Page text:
10. Pinky, I will do up a separate post on this one; it's rather "intensive" give me a bit of time to get it all on paper. Thanks.
  11. Unfortunately I can't offer a decent answer here, as the question has so many variables that without specifics I can't really comment. One thing I can say though is if Ontario really starts to push this provincial CPP idea that is going around, ON is going to be one of the costliest places to do business in terms of payroll taxes. You're possibly going to be looking at a sunk cost of $8000 per staff member on your payroll. About the only thing I can really add is basically look specifically at the provincial tax rates that are in effect for the income level you're earning, and see where things are at. Often provinces have different rates than the federal ones, and that can really have an effect on how much tax one is paying. My apologies for not being much help here, as the answer could run 10 pages without ever getting around to addressing your specific circumstances.
  12. This one is pretty simple. and one that I recommend quite often, as it seems to be the best bang for your buck. Basically just go down to the registry office, and register your corp there. You'll need a copy of the share structure, and once everything gets processed, you pick up one of those do-it-yourself minute books, and just fill out the templates provided. As I stated above, you'll need a copy of the share structure, and these is where people sometimes get in trouble. You want to structure your corp with the greatest amount of "options" in terms of shareholders (both current and future), and that's something your accountant or lawyer can help with. You don't want to be amending your articles of incorporation down the road, as then the lawyers need to get involved, and that gets expensive. Doing it right the first time avoids this.
  13. For someone in your shoes, it makes huge sense to incorporate and use the company as a low-tax vehicle. There are of course a few things to be aware of with such a setup, but from a long term savings point of view, clients that are set up in a position such as you have described are doing quite well for themselves. 46% tax really tends to limit savings and investment opportunities...
  14. Absolutely you can, but realize that there are different "tax rates" for different sources of income. Only dental income will be subject to the 14% rates; any investment income will be taxed at around 35% in the corp. That being said, when you flow through that investment income to your person, the corporation is refunded that "high rate" tax. However, one thing to keep in mind is investment income is taxed personally at around 35% anyway, so earning investment income either personally, or in the corporation, are comparable. What isn't comparable is that the money you are investing (your dental earnings) has been taxed at 14% - you then invest this money having only paid 14% tax on it initially. Contrast this with where you earn dental income personally, and then invest it. You'll have already paid 35% tax on this income, so essentially you're working with 20% less capital to invest. That's a big reason to invest via your corporation, and not personally. Also, I should mention that a lot of the info here is more "in-general"; there are things to take into account such as personal tax brackets, registered investment accounts (ie. rrsp's), personal tax credits, etc. But I think the important thing here is to understand the big picture first, and then tailor the advice to your personal situation afterwards via sitting down with your accountant and going from there.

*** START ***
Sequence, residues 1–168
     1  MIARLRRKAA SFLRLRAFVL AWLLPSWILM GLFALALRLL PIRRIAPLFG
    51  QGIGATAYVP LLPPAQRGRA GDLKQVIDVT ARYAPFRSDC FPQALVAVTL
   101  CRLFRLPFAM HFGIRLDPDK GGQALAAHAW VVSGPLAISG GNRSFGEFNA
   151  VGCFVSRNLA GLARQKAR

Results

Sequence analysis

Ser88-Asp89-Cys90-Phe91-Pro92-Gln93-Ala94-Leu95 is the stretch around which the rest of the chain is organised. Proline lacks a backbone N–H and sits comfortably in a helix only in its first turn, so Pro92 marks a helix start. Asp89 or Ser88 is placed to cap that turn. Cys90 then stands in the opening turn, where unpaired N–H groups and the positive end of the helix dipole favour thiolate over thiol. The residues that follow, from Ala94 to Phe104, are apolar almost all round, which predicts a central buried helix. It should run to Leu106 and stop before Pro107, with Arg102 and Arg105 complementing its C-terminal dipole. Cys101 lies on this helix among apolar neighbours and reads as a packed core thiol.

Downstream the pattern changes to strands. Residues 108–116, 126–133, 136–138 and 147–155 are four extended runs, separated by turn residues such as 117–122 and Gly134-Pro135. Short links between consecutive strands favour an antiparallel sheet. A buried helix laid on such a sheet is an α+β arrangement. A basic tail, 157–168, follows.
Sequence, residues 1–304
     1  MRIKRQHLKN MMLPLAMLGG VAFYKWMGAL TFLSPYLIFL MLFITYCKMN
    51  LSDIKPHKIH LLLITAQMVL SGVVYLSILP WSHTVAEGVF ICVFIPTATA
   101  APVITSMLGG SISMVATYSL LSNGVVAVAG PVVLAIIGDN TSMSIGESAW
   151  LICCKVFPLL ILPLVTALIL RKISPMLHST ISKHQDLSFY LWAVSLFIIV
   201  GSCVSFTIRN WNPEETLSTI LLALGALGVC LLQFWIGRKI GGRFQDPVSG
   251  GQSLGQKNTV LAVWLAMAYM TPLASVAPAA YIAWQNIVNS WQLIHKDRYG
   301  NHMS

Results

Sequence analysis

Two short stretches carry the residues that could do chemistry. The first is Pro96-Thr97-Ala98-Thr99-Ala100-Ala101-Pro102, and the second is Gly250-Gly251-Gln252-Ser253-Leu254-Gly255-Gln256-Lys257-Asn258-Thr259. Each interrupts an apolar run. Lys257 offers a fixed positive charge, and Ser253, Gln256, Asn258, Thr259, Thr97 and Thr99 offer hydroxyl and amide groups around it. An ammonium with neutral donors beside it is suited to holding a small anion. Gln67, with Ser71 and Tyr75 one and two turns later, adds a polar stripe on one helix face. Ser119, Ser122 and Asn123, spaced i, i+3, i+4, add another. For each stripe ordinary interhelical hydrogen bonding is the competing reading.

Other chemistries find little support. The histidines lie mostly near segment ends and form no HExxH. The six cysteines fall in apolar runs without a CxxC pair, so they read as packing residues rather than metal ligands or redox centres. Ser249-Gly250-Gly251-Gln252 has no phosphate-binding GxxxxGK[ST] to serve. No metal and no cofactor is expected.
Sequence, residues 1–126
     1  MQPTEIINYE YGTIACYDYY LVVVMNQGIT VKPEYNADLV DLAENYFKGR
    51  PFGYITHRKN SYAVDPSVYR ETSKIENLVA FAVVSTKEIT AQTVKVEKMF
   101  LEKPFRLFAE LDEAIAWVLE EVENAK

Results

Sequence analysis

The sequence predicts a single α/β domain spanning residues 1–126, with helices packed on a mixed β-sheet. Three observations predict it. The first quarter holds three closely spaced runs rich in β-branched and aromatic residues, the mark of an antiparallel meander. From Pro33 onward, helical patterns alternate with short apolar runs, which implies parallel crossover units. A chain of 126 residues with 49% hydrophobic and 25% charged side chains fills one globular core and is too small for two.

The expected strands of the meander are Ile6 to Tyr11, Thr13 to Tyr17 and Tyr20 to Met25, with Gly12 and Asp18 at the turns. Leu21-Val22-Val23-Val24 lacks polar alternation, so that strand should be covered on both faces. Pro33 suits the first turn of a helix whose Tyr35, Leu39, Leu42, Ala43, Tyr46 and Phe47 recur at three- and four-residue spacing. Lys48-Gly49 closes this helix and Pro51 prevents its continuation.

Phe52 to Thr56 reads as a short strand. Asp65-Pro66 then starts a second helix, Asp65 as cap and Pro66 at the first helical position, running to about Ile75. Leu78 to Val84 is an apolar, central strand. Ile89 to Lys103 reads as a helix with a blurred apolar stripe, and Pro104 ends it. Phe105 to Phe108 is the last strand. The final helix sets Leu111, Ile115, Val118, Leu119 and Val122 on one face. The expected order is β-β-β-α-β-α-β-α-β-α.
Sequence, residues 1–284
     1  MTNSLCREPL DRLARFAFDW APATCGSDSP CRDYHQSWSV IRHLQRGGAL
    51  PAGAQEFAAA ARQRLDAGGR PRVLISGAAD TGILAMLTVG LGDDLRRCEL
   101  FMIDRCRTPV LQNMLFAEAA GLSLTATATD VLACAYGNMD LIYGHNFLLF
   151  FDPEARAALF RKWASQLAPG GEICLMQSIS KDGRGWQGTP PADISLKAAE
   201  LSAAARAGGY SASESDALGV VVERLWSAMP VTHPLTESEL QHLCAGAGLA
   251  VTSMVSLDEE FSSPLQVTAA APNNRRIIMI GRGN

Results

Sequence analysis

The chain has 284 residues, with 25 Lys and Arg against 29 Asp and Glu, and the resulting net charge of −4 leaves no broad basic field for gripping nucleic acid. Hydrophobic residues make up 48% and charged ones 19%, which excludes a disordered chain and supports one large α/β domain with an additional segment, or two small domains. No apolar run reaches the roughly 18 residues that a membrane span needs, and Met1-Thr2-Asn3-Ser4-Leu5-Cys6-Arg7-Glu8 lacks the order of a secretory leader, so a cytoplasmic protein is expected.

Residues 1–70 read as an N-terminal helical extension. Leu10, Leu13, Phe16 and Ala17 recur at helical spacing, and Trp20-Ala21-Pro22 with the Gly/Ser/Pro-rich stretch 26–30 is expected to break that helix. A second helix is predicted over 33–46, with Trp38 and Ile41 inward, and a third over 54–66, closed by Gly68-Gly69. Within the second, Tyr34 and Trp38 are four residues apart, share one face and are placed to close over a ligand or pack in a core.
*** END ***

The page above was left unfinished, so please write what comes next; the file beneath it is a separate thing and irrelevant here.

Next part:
15. Typically you're looking at anywhere from $400 - $1,200 for initial incorporation, depending on whether you do it yourself vs. have a lawyer do it. After that you're looking at anywhere from $1,000 - $2,500 for an average Prof Corp year-end in accounting fees. (An important thing to realize is cheapest rate is not always the best; as the expression says, there's no such thing as a free lunch.) Lastly, annual registration of your corp I believe runs anywhere from $30-$100 depending on where you reside. A good rule of thumb is if you see yourself having about $20,000 or more in unused cash or savings after expenses, a corporation is a decent idea. If you find yourself spending everything you earn, the increased professional fees don't result in any appreciable savings, and also incur the extra paperwork headache that comes with running your own business.